A day of interfaith learning

Craig Laundy (third from left) and Jihad Dib (second from right) with students from Mount Sinai and Masada Colleges at the Youth Summit. Photo: Noel Kessel.

MORE than 112 students and teachers from Muslim, Christian and Jewish schools, both state and private,  attended Together For Humanity’s (TFH) inaugural Inclusive Communities Youth Summit at NSW Parliament House last month.

At the event, school delegates, hailing from across NSW, presented proposals for initiatives aimed at making our society more inclusive for minority groups and others.

Students discussed the merits and drawbacks of each proposal with delegates from other schools, and voted to elect the strongest proposal from each age group, with students ­suggesting improvements and amendments.

The schools with the elected proposals presented them to Members of Parliament including the Assistant Minister for Multicultural Affairs Craig Laundy, Minister for Multiculturalism John Ajaka, shadow minister for education Jihad Dib, shadow minister for multiculturalism Sophie Cotsis, and to religious leaders from the Christian, Muslim and Jewish faiths.

“Young people from different backgrounds need to interact meaningfully with each other and to take an active role in creating an inclusive Australia,” said Rabbi Zalman Kastel, national director of TFH.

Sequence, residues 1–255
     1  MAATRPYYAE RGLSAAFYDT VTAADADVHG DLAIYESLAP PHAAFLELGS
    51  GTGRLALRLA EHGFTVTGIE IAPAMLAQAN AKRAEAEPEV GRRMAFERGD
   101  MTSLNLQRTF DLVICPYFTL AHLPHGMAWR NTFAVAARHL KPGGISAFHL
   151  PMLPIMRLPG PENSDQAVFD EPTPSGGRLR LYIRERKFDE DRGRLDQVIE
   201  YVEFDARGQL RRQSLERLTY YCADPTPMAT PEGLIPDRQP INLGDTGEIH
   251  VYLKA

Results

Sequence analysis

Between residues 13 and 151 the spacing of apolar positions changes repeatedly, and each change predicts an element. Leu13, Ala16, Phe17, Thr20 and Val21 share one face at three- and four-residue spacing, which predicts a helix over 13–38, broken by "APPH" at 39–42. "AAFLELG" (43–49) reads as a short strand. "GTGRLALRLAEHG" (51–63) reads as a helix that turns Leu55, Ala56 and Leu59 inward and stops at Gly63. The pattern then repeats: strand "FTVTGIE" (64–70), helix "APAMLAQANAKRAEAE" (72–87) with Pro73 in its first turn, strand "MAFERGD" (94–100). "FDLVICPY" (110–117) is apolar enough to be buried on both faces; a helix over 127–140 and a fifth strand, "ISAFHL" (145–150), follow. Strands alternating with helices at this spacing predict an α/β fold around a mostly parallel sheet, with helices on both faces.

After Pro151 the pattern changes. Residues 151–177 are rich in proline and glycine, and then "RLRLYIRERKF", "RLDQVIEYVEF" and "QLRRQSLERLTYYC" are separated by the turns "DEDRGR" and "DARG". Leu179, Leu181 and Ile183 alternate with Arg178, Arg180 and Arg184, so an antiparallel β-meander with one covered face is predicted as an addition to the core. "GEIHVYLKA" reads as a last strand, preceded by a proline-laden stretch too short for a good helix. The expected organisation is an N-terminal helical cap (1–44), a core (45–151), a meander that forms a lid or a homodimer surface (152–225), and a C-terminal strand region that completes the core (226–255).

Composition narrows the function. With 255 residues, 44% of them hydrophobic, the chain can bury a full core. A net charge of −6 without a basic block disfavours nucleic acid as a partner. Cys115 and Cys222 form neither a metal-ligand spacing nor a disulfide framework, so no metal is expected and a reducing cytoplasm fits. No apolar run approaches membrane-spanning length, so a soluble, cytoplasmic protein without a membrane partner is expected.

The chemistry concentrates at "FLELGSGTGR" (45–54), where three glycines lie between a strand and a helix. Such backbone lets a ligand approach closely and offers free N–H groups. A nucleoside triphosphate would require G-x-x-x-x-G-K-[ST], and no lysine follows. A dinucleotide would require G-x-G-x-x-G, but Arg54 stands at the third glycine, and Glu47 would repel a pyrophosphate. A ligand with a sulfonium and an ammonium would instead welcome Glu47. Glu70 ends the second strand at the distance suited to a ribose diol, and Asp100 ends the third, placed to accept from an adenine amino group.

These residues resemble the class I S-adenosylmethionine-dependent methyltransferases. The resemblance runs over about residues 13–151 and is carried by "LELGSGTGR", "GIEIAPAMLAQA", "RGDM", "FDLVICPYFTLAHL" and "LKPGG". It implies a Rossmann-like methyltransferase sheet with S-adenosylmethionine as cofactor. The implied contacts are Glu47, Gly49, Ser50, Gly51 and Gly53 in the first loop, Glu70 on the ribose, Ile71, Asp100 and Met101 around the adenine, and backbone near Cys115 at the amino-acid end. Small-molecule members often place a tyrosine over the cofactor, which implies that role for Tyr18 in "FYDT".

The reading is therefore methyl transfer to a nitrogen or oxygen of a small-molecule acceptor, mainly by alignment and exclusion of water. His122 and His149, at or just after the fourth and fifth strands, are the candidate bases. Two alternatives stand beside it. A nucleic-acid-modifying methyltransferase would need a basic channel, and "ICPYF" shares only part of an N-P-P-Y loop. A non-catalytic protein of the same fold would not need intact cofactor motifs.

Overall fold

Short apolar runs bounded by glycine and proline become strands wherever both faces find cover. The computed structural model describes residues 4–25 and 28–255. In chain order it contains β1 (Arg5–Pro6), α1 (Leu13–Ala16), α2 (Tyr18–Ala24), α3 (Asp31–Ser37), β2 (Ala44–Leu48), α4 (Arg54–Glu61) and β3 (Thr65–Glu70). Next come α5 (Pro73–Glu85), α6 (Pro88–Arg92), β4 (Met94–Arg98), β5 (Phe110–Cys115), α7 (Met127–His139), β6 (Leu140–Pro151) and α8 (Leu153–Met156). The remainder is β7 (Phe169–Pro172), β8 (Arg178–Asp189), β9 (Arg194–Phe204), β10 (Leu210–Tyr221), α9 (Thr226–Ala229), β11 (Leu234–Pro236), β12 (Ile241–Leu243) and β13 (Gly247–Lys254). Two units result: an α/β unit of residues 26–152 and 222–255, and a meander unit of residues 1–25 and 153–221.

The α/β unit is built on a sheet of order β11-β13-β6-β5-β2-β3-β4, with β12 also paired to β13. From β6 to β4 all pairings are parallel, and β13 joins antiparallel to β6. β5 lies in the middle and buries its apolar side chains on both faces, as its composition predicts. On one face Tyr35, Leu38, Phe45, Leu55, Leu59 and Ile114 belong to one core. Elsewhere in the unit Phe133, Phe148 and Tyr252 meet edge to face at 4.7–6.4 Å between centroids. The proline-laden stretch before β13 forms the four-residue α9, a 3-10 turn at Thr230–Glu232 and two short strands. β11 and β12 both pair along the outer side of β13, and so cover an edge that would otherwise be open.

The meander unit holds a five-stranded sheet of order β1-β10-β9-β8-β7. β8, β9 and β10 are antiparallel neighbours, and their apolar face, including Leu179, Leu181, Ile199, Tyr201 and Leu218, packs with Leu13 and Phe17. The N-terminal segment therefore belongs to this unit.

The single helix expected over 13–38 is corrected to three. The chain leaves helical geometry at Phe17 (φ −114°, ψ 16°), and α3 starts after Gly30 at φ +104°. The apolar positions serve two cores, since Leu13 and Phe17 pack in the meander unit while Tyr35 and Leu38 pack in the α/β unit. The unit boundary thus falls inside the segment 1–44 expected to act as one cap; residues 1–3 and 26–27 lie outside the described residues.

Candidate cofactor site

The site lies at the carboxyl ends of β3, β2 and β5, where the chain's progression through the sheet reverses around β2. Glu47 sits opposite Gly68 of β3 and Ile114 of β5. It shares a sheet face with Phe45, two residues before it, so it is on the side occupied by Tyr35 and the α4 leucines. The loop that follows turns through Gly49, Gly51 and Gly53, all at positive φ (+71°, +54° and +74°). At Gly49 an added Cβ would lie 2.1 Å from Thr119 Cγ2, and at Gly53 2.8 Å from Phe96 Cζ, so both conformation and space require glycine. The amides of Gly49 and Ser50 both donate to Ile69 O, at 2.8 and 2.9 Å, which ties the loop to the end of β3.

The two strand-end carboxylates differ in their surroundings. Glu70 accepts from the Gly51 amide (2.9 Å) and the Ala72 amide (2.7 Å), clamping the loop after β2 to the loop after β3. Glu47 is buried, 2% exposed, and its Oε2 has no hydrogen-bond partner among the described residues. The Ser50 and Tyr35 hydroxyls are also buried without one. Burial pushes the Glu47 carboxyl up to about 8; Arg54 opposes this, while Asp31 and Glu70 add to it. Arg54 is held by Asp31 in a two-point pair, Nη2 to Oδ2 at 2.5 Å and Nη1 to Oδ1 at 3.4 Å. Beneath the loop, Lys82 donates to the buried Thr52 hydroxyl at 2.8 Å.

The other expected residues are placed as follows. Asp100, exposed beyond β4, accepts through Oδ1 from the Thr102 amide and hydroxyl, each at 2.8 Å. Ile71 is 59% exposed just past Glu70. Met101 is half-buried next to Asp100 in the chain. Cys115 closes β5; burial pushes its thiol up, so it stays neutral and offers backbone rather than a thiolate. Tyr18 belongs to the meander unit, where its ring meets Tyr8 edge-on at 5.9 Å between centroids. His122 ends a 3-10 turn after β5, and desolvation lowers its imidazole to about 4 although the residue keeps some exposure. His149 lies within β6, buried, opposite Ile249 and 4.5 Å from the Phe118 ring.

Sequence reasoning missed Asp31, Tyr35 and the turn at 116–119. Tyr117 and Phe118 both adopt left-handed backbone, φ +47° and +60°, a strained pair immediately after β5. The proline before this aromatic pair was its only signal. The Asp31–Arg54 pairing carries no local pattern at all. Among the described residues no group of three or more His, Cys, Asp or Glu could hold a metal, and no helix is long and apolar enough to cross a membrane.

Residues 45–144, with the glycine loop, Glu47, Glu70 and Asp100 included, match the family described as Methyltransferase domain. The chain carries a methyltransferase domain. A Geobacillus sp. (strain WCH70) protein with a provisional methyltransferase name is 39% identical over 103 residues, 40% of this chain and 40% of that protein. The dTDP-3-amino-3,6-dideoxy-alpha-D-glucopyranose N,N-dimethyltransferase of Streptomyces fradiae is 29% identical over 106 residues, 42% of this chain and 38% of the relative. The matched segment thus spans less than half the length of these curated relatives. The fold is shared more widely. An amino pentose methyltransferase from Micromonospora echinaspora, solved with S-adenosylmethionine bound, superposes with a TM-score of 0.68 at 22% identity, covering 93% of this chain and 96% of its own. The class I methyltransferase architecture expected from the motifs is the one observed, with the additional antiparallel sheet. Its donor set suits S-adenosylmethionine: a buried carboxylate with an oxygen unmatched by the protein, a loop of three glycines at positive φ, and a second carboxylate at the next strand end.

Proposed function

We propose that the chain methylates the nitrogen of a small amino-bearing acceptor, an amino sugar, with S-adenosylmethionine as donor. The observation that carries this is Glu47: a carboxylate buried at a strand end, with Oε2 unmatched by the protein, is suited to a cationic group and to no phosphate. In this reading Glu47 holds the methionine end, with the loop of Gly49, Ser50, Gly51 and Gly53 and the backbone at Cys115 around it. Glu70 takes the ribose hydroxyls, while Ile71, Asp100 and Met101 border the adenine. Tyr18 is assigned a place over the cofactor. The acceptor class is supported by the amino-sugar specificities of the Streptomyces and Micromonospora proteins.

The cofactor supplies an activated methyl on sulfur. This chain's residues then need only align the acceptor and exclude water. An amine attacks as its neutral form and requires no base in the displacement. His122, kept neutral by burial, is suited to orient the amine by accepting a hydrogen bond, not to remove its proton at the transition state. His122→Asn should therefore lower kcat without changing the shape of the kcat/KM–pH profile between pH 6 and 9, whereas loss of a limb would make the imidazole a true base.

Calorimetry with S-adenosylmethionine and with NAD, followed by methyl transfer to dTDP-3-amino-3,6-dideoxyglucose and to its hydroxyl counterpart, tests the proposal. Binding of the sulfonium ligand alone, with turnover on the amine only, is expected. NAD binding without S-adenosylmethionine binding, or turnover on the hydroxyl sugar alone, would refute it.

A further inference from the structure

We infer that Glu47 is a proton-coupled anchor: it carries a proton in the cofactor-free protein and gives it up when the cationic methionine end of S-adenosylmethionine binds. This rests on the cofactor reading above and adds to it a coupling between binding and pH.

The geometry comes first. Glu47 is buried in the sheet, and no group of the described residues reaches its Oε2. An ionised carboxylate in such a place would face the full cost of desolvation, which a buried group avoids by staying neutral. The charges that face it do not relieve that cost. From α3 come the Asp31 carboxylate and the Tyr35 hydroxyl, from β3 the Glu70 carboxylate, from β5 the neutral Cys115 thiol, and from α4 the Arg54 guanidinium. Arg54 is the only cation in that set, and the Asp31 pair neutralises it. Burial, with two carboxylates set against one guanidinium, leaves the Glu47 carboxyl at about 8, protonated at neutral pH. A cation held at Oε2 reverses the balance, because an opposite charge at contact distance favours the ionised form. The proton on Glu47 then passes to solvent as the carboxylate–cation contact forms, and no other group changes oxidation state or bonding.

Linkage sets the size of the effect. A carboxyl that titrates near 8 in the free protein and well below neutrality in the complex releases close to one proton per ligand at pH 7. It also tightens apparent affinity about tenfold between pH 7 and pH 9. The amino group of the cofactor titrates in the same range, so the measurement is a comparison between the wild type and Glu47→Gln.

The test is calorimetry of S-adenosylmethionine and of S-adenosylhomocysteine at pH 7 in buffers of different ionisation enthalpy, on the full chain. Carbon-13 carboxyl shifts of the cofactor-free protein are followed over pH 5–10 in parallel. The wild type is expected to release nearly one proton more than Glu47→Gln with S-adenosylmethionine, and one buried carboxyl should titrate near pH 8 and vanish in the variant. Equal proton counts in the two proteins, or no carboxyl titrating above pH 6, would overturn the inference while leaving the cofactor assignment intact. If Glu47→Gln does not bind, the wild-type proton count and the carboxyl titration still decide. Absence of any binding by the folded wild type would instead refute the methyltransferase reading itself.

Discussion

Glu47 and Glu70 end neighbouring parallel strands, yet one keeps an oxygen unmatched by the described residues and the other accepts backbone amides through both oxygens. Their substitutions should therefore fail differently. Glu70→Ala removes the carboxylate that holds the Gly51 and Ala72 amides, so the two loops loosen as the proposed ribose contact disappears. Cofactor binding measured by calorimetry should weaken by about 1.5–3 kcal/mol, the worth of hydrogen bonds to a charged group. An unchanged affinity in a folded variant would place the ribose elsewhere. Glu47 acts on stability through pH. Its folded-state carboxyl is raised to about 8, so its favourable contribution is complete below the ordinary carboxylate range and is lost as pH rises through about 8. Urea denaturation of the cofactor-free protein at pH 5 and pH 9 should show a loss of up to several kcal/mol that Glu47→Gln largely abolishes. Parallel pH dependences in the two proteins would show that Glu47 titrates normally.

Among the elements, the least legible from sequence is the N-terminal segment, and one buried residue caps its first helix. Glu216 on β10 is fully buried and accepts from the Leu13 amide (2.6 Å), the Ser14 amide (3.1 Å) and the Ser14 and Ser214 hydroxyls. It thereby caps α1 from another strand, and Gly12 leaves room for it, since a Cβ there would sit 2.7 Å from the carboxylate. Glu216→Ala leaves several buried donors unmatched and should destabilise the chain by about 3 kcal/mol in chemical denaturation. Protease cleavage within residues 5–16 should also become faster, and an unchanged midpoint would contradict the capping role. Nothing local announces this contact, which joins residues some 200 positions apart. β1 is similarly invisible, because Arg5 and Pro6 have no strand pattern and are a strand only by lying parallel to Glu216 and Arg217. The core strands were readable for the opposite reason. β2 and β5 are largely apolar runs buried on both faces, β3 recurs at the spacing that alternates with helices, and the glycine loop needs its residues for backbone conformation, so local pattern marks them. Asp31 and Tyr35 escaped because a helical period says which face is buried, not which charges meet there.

Stating that a key aspect of countering prejudice is engagement, Rabbi Kastel said, “We can spout slogans all day about saying no to racism, but what happened at the Youth Summit is that young people got involved in the decisions about how to achieve inclusion.

“They really got into it together with kids from different backgrounds.”

Describing the energy in the room as “electric”, he added, “It was also great to have students from schools that have ongoing relationships, namely Masada College and Bass High School, as well as Arkana and Mount Sinai Colleges, working together on the day.”

Mount Sinai principal Phil Roberts told The AJN the school places a high priority on interfaith work.

“We have been involved in interfaith work for over eight years and our students placed a high priority on this particular day, solving social problems alongside boys and girls from different cultures and backgrounds,” he said.

The Youth Summit is funded by the Australian government’s Department of Social Services. It is a collaboration of TFH, the NSW Ecumenical Council and the United Muslim Women Association.

EVAN ZLATKIS